• Siversk – Maryinka section: approximate length of the combat line – 144 km, the number of BTGs of the RF Armed Forces – 13-15, the average width of the combat area of one BTG – 9.6 km;
  • Deployed BTGs: 68th and 163rd tank regiments (TR), 102nd and 103rd motorized rifle regiments of the 150 motorized rifle division, 80th TR of the 90th tank division, 35th, 55th, and 74th separate motorized rifle brigades of the 41st Combined Arms Army, 51st and 31st separate airborne assault brigades, 61st separate marines brigade of the Joint Strategic Command “Northern Fleet,” 336th separate marines brigade of Baltic Fleet, 1st, 3rd, 5th, 15th, and 100th separate motorized rifle brigades, 9th and 11th separate motorized rifle regiments of the 1st Army Corps of the so-called DPR, 6th motorized rifle regiment of the 2nd Army Corps of the so-called LPR, PMCs.

The enemy shelled Ukrainian troops’ positions in more than 20 towns and villages, including Spirne, Berestove, Yakovlivka, Soledar, Bahmut, Opytne, Ozaryanivka, New York, Avdiivka, Krasnohorivka, and Maryinka. In Horlivka, due to the shortage of donor blood, all employees of medical institutions were forced to donate blood according to the established schedule.

Zaporizhzhia direction
  • Maryinka – Vasylivka section: approximate length of the line of combat – 200 km, the number of BTGs of the RF Armed Forces – 17, the average width of the combat area of one BTG – 11.7 km;
  • Deployed BTGs: 36th separate motorized rifle brigade (SMRBr) of the 29th Combined Arms (CA) Army, 38th and 64th SMRBrs, 69th separate cover brigade of the 35th CA Army, 5th separate tank brigade, 135th, 429th, 503rd and 693rd motorized rifle regiments (MRR) of the 19th motorized rifle division (MRD) of the 58th CA Army, 70th, 71st and 291st MRRs of the 42nd MRD of the 58th CA Army, 136th SMRB of the 58 CA Army, 46th and 49th machine gun artillery regiments of the 18th machine gun artillery division of the 68th Army Corps (AC), 39th SMRB of the 68th AC, 83th separate airborne assault brigade, 40th and 155th separate marines brigades, 22nd separate SOF brigade, 1st AC of the so-called DPR, and 2nd AC of the so-called LPR, PMCs.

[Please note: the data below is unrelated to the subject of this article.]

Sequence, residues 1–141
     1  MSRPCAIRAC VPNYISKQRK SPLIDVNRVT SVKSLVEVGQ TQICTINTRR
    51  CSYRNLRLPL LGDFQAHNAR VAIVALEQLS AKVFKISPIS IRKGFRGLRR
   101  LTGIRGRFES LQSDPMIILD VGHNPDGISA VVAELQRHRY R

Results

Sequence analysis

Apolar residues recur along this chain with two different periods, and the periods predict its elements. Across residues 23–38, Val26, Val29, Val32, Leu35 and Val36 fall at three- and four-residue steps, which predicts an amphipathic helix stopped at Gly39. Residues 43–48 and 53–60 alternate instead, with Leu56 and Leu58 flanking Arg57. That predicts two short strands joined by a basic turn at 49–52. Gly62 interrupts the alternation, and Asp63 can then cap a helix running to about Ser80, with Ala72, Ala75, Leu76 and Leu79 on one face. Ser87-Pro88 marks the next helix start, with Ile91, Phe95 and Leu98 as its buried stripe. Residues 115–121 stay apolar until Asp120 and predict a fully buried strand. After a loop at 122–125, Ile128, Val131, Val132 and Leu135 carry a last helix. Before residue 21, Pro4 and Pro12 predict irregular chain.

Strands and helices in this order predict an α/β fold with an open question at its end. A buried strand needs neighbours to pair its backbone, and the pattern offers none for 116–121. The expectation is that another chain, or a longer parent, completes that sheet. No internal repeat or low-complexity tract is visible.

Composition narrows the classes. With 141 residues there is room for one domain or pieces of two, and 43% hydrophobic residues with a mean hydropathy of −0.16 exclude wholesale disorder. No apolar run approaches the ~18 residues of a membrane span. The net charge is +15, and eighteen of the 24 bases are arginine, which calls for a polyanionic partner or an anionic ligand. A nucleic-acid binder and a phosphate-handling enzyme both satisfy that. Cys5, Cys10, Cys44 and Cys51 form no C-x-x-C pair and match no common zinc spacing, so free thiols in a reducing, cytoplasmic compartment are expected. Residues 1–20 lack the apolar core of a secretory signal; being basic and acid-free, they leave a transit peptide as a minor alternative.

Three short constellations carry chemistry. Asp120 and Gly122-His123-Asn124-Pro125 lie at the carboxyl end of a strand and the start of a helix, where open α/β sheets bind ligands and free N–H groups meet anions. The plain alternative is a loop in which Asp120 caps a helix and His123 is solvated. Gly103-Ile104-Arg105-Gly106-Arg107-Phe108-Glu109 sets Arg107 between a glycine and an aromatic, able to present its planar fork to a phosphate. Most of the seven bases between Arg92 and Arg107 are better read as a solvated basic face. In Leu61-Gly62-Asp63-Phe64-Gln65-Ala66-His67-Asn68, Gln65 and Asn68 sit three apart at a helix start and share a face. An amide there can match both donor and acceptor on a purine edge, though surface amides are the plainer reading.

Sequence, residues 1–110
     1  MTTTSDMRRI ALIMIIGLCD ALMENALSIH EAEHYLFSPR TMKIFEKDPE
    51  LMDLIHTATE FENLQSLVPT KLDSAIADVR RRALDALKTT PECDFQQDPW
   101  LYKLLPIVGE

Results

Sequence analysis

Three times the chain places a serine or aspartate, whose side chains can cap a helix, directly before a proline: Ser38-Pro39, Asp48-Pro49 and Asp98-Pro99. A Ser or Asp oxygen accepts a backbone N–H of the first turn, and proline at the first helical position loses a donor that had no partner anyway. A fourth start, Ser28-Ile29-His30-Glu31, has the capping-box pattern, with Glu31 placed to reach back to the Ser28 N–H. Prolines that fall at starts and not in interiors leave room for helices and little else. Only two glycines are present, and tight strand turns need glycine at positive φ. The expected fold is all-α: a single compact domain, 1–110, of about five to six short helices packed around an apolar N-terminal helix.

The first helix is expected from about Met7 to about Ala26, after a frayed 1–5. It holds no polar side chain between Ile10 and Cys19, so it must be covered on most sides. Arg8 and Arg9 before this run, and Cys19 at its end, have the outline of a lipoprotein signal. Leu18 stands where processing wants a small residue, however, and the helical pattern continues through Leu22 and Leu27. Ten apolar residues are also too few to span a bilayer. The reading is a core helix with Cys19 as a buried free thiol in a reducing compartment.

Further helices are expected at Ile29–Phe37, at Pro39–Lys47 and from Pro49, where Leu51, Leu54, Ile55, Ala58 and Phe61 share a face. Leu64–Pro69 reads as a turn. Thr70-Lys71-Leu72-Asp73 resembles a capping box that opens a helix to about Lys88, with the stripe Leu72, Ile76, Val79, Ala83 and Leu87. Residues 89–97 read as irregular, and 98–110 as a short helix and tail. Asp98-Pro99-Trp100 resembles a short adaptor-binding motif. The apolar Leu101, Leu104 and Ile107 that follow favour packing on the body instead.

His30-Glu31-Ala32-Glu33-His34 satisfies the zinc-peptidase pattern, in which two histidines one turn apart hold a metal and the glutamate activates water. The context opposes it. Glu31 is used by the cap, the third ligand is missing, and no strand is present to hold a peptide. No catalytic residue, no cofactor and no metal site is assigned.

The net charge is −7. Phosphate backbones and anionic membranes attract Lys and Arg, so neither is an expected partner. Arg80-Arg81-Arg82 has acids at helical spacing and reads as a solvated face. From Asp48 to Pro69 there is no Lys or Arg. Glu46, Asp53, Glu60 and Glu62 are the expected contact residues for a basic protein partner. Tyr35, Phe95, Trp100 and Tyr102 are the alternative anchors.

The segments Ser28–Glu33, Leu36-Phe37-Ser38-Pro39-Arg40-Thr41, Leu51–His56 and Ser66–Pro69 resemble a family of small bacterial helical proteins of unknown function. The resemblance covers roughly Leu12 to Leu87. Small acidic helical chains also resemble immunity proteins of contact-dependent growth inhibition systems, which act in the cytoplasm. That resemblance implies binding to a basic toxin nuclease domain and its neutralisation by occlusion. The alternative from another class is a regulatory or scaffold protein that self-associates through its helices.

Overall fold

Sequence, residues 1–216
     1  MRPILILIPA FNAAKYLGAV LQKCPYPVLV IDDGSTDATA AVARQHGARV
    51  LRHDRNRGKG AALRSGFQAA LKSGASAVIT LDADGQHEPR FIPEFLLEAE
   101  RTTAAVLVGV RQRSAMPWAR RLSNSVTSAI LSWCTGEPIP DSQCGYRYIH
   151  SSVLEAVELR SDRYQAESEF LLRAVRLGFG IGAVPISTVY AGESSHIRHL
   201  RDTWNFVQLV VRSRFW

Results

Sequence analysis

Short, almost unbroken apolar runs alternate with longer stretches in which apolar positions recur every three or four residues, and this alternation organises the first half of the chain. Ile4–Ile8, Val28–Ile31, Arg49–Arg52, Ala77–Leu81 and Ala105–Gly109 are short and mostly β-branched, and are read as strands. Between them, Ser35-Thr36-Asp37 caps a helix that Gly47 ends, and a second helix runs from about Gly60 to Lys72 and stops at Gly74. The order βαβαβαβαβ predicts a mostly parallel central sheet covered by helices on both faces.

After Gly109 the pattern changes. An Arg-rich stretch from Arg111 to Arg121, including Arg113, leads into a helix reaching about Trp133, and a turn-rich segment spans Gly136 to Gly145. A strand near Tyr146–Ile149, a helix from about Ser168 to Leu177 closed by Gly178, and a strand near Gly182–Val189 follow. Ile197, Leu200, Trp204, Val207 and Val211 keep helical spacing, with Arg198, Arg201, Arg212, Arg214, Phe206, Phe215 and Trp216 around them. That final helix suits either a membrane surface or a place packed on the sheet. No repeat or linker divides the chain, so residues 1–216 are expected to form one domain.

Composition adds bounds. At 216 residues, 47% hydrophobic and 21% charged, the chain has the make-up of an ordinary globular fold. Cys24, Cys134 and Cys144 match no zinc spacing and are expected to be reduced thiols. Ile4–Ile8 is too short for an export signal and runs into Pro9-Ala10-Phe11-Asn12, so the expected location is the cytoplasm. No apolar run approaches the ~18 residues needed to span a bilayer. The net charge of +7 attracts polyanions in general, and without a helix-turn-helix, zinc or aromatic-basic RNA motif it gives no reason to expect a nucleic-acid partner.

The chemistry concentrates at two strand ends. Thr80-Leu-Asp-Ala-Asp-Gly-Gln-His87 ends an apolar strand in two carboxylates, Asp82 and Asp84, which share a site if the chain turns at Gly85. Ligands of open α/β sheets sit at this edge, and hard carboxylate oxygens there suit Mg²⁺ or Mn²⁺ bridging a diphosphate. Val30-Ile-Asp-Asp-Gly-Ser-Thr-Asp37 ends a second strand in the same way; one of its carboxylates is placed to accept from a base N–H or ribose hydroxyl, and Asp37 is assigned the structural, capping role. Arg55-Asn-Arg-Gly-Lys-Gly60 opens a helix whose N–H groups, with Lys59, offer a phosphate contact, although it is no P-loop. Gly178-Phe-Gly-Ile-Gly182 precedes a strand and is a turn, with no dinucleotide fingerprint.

Vuhledar, Velyka Novosilka and Vremivka of Donetsk Oblast; Hulyaipole, Chervone, Stepove, Mali Shcherbaky, Shcherbaky and Charivne of Zaporizhia Oblast and Nikopol of Dnipropetrovsk Oblast were shelled.

Tavriysk direction
  • Vasylivka – Stanislav section: approximate length of the battle line – 296 km, the number of BTGs of the RF Armed Forces – 39, the average width of the combat area of one BTG – 7,5 km;
  • Deployed BTGs of: the 8th and 49th Combined Arms (CA) Armies; 11th, 103rd, 109th, and 127thrifle regiments of the mobilization reserve of the 1st Army Corps (AC); 35th and 36th CA Armies; 3rd AC; 90th tank division; the 22nd AC of the Coastal Forces; the 810th separate marines brigade of the Black Sea Fleet; the 7th and the 98th airborne division, and the 11th and 83rd separate airborne assault brigades of the Airborne Forces, 10th separate SOF brigade.

The enemy continues artillery shelling towns and villages along the right bank of the Dnipro River. The civil infrastructure of Respublikanets, Tyagynka, Zelenivka, Inzhenerne, Antonivka, Sadove, Veletenske, and Kherson was damaged.

Azov-Black Sea Maritime Operational Area:

The forces of the Russian Black Sea Fleet continue to stay ready to carry out two operational tasks against Ukraine:

  • to project force on the coast and the continental part of Ukraine by launching missile strikes from surface ships, submarines, coastal missile systems, and aircraft at targets in the coastal zone and deep into the territory of Ukraine and readiness for the naval amphibious landing to assist ground forces in the coastal direction